This Other Eden 6/25/07 6
This Other Eden
I don't own Narnia or the Pevensies or anything else created by C.S. Lewis.
Note: It seems unlikely that Aslan would really have dumped the Four Monarchs unceremoniously out of Narnia without a word of explanation the way it says at the end of LWW. My private theory is that Lewis was still new at Narnia himself and on some level still thought of LWW as an E. Nesbit kids' adventure, like The Five Children and It. So he just finished it off tidily without realizing that the life and dimension he'd given his characters merited a lot more than this pat windup. (He rectified things in later books, so all is forgiven.) My take is to assume that Aslan told the Four at least once and more likely several times over the course of their reign that one day they would return to their childhoods in England. I also think that Aslan meant for the kids not just to "know" him in our world but to put their long years of growth and training to good use. So here's my view of the day after Narnia. I envision the Professor's house as somewhere in Shropshire, close to the Welsh border. Apologies to any British readers for details of landscape, fauna, and dialogue that I get wrong! Apologies to everyone if the formatting goes south again. And fervent thanks to Elecktrum for all advice, wisdom, and cheerleading.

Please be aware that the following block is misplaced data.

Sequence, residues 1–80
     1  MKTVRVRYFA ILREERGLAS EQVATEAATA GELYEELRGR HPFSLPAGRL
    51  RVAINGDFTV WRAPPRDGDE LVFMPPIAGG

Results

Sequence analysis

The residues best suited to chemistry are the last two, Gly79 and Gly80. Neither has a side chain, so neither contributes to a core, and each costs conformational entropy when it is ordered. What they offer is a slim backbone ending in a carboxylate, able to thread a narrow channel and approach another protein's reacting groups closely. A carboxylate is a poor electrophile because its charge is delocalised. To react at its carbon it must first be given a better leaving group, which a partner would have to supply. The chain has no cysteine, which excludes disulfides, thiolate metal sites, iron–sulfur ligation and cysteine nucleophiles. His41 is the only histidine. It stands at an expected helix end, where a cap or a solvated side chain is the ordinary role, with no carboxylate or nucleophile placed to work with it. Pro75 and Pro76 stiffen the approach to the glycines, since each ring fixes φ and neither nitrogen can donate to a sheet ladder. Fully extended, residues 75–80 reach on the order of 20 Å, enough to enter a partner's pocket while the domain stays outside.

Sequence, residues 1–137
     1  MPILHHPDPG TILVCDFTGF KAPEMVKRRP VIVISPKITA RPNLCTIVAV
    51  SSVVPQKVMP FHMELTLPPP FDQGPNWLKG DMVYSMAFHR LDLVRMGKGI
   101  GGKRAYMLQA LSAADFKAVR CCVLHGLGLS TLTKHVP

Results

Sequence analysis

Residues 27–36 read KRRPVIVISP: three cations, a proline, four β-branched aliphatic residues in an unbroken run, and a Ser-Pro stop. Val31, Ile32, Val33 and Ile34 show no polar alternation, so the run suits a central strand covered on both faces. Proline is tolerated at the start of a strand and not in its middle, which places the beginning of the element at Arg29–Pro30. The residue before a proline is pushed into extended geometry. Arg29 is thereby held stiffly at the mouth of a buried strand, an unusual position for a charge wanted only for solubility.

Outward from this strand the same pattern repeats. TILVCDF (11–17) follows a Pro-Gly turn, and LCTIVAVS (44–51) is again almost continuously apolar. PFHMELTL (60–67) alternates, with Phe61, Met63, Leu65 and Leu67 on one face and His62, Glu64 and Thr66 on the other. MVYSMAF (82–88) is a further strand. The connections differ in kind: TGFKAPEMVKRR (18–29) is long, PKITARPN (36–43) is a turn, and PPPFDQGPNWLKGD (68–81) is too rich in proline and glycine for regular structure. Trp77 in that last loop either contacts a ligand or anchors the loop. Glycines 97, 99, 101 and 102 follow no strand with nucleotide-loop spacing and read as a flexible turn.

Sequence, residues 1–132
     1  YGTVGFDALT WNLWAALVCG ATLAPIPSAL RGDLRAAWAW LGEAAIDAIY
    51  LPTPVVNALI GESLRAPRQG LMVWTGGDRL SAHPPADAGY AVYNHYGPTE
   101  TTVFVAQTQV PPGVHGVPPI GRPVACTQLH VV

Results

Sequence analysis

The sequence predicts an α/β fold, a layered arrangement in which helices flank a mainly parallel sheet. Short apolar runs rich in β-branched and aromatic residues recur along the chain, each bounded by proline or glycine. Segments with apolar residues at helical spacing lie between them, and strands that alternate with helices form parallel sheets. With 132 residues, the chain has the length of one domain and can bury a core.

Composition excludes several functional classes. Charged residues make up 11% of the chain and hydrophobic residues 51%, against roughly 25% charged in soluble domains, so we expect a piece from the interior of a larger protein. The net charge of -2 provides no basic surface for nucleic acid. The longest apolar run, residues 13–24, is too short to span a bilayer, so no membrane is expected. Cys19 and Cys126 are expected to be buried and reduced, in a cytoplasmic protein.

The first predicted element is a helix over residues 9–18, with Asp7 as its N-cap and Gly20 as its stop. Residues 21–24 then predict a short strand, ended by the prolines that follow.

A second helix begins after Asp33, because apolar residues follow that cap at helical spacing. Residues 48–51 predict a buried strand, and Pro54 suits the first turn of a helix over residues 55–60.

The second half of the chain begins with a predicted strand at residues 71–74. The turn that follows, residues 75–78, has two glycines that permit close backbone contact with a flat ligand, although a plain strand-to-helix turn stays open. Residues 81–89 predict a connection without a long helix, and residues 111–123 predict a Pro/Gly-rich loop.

Solitude was an easier way to take in this strange world, fifteen years removed from anything Peter remembered. He had been prepared for this crossing, as had the others. Through the years of their reign, the four had been reminded by Aslan that they would someday return to England. But to be sent from one instant to the next into a world, and even a body, that Peter had long left behind seemed to have numbed and emptied his spirit. All four of them had reacted similarly. Each had retreated into a separate space in or near the house, seemingly unable for the moment to deal with the presence of another person.
It wasn't misery, exactly, Peter decided. Even bereft as he was, he held to himself the strong pull of Aslan's promise that they were still in the Lion's keeping, and that they had a job to do. Knowing that, Peter was able to feel like himself even now.